FRANKFURT, Germany, April 9, 2002 (ENS) - Increasing numbers of European hunters are pursuing their sport in the Eastern Europe and Central Asia region, spending millions of EUROS on supplies and travel. Yet only a third of those funds end up in the countries whose wildlife attracts the hunters, generating little income for the struggling nations, concludes a new report by TRAFFIC Europe.
Since the collapse of state regulated hunting markets in the early 1990s, trophy hunters from Europe have flocked to the border region between Eastern Europe and Central Asia, spending some EUR 120 - 180 million on hunting related costs each year.
The TRAFFIC Europe report presents, for the first time, data on the overall economic impact of the region's hunting tourism. It shows that the impact of trophy hunting on a country's income, frequently cited by hunting supporters, is often minimal.
"Foreigners hunting highly prized and rare species such as wild sheep and goats present a potential source of foreign exchange income to remote and poor regions in Eurasia," said Doris Hofer, author of the report, "The Lion's Share of the Hunt - Trophy Hunting and Conservation: A review of the legal Eurasian tourist hunting market and trophy trade under CITES."
However, "even in Hungary, which supplies the tourist hunting demand with a big chunk of 10,000 - 20,000 hunts per year, the economic impact of this is limited to 0.0005 percent of the gross national product," Hofer noted.
Many of the species sought by these hunters are growing increasingly rare, and trade in these animals is regulated under CITES, the Convention on International Trade in Endangered Species of Wild Fauna and Flora. The main task of CITES is ensuring that wildlife trade is kept at sustainable levels and does not threaten species' populations in the wild.
TRAFFIC, the wildlife trade monitoring program of the World Wildlife Fund (WWF) and the World Conservation Union, works in cooperation with the CITES Secretariat. The WWF and the European Commission helped support TRAFFIC's research into the economic impacts of hunting CITES listed species along the European-Asian border.
Among the Eurasian CITES listed species that are most pursued by foreign hunters are brown bear, wolf and Argali sheep. Foreign hunting on Eurasian CITES listed mammal species is on the rise, but CITES listed mammal species form less than five percent of the overall trophy imports into European countries.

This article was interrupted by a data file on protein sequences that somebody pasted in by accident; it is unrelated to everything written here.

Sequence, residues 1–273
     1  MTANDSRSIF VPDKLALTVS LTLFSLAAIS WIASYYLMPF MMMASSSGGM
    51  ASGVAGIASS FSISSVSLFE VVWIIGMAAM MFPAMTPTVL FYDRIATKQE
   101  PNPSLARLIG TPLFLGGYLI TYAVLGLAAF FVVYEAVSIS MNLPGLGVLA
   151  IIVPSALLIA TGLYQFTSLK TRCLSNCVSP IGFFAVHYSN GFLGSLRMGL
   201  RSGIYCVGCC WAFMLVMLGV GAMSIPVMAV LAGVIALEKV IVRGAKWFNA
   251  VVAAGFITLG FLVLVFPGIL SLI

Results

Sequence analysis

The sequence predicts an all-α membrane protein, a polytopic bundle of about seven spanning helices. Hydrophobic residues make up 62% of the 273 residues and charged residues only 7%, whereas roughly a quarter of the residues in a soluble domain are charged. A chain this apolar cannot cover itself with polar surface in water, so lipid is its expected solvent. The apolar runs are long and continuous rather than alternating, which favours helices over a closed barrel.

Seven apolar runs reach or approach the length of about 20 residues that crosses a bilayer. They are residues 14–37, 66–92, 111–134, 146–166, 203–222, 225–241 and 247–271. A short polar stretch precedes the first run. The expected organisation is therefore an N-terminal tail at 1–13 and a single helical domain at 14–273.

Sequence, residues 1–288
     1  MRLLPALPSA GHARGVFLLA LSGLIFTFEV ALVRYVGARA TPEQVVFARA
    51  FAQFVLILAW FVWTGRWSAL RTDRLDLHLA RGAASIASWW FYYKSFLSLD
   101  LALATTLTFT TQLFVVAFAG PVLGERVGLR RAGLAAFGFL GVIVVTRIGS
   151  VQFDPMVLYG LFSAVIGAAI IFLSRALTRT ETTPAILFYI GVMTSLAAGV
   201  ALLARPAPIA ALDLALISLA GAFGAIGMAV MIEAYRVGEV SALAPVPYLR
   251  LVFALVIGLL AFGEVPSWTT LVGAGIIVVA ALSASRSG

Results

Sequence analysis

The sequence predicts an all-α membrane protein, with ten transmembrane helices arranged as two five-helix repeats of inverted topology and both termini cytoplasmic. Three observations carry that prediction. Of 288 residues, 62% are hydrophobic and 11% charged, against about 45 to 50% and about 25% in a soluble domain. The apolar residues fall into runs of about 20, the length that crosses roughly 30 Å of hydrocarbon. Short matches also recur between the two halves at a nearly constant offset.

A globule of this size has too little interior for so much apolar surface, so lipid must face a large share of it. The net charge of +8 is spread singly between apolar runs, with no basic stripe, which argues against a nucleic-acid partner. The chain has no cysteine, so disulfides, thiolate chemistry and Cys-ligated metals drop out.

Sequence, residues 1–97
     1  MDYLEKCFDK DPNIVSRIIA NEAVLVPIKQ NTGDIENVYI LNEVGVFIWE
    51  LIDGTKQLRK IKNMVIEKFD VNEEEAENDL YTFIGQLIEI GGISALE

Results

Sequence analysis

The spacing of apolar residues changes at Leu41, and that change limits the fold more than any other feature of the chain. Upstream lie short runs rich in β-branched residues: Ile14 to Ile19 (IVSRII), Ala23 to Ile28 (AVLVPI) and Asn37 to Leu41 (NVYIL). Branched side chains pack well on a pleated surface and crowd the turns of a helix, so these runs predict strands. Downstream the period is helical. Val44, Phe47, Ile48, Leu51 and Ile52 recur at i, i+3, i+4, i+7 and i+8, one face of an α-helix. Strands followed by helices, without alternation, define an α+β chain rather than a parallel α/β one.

Hofer said her research found that obtaining a reliable overview of the actual money flow generated by foreign sport hunters is difficult for both the hunters and for wildlife management authorities.
"Insufficient documentation reduces trophy hunting's potential benefits for conservation and to regional sustainable development," explained Hofer. "Without a clear understanding, motivation for law enforcement staff and incentives for enhancement of wildlife management systems remains limited."
The study shows that about 20 to 30 percent of the European hunters travel abroad at least occasionally for hunting. German and Italian hunters travel to a wide range of European destinations, Spanish tourist hunters prefer North America, and Benelux hunters are much more oriented towards Africa.
In general, the majority of tourist hunters visit destinations that are relatively close to home. The average direct cost for any foreign hunt is about EUR 2,000 and slightly less for Eastern European destinations.
Germany and Spain together account for 68 percent of the European Union CITES listed mammal trophy imports. The game species preferred by German and Spanish hunters hunting abroad are ungulates, mainly red deer, roe deer and wild boar, and to a lesser extent antelope and gazelle, and wild sheep and goats.
Forty-five percent of German tourist hunters have hunted for small game and waterfowl, at some point in the past. About 18.5 percent of German hunters have already hunted for big game carnivores. Italian tourist hunters prefer bird hunting abroad.
While the study focused on an overview of the legal Eurasian tourist hunting market, illegal practices were also revealed in some cases. Ten percent of the surveyed German hunters indicated that they were affected directly or indirectly by illegal activities in the field.
In Italy, TRAFFIC has assisted enforcement authorities in two large cases of illegal trophy hunting in Asia, involving protected and rare species listed under CITES such as tigers, wild Argali sheep and urial, or wild goats.
The TRAFFIC report urges that tourist hunting be integrated into conservation programs where possible, and calls for increased dialogue between the hunting and tourism industries. European Union member states and other nations supporting tourist hunters should coordinate their wildlife and hunting monitoring efforts for the benefit of rare species, the report suggests.
"Amidst an often highly emotional discussion about the benefits of trophy hunting for conservation, more facts are needed in order to improve dialogue between hunters and conservationists," said Roland Melisch of TRAFFIC Europe. "In the EU, such a dialogue unfortunately still remains largely unsupported by the public. This, despite the fact that often both groups share the common aim of the conservation of wildlife for future generations."
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